• calcium hopantenate;
  • dogs;
  • encephalopathy;
  • hepatic steatosis;
  • pantothenic acid antagonist;
  • pantothenic acid deficiency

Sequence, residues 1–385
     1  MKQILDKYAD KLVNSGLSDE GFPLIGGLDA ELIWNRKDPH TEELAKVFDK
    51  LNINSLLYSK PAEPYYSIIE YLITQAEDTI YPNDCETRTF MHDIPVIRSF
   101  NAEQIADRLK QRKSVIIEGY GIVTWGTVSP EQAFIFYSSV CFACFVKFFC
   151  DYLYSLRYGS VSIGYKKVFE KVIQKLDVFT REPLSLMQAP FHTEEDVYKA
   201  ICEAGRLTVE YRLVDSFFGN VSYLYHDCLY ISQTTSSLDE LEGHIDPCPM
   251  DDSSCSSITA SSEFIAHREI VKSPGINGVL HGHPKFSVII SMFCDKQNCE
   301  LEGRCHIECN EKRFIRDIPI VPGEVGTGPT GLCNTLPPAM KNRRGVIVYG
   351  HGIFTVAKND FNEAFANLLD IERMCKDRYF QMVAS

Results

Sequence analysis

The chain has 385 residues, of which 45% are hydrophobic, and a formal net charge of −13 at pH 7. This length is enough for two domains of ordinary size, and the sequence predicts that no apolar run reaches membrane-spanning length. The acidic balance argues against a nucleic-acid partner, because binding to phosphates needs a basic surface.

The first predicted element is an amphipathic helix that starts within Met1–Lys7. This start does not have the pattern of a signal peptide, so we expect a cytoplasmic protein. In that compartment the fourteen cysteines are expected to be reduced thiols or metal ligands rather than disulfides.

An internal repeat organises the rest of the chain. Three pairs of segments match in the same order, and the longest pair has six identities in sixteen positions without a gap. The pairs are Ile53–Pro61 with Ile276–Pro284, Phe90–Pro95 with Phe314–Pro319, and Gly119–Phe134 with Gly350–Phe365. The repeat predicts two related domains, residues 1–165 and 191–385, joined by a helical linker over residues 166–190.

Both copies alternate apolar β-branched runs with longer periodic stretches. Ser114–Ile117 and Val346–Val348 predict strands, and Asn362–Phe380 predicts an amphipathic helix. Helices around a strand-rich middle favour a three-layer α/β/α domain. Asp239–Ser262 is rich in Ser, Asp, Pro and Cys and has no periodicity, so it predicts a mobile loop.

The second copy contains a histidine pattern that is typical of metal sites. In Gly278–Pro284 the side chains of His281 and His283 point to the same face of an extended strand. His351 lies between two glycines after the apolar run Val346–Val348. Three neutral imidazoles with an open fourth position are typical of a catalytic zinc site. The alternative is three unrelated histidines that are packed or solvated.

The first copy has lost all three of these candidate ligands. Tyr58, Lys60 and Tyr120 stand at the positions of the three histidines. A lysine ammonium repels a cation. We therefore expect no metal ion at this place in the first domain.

ABSTRACT— In Japan, acute encephalopathy with hepatic steatosis resembling Reye's syndrome has been reported to occur after treatment with the pantothenic acid antagonist, calcium hopantenate. We studied the causal relationship and the pathogenesis in dogs. The agent was administered to seven dogs at increasing doses over a period of 8 weeks. Anorexia, vomiting, and diarrhea were common clinical findings. In four dogs, coma suddenly developed after the appearance of gastrointestinal signs. Three animals died during periods when they were not under direct observation. The effects of the agent appear to be related to dose. Laboratory findings representing significant changes at the time of coma included hypoglycemia, leukocytosis, hyperammonemia, hyperlactatemia, and elevated levels of serum transaminases. Microvesicular hepatic steatosis and mitochondrial abnormalities were consistent pathological findings. The hepatic mitochondria were enlarged and characterized by an increased number of cristae and the presence of crystalloid inclusions. In a second group of four dogs, pantothenic acid was given in addition to and in the same amount as calcium hopantenate at increasing doses over a period of 8 weeks. All four dogs survived the 8 weeks and only one developed mild anorexia. No significant biochemical changes were found and neither hepatic steatosis nor mitochondrial abnormalities were observed. The addition of pantothenic acid prevented the development of the disorder in the four animals. These results show that calcium hopantenate produces acute encephalopathy with hepatic steatosis in dogs, by inducing a deficiency of pantothenic acid. The hepatic mitochondrial changes of this reaction differ from those of Reye's syndrome.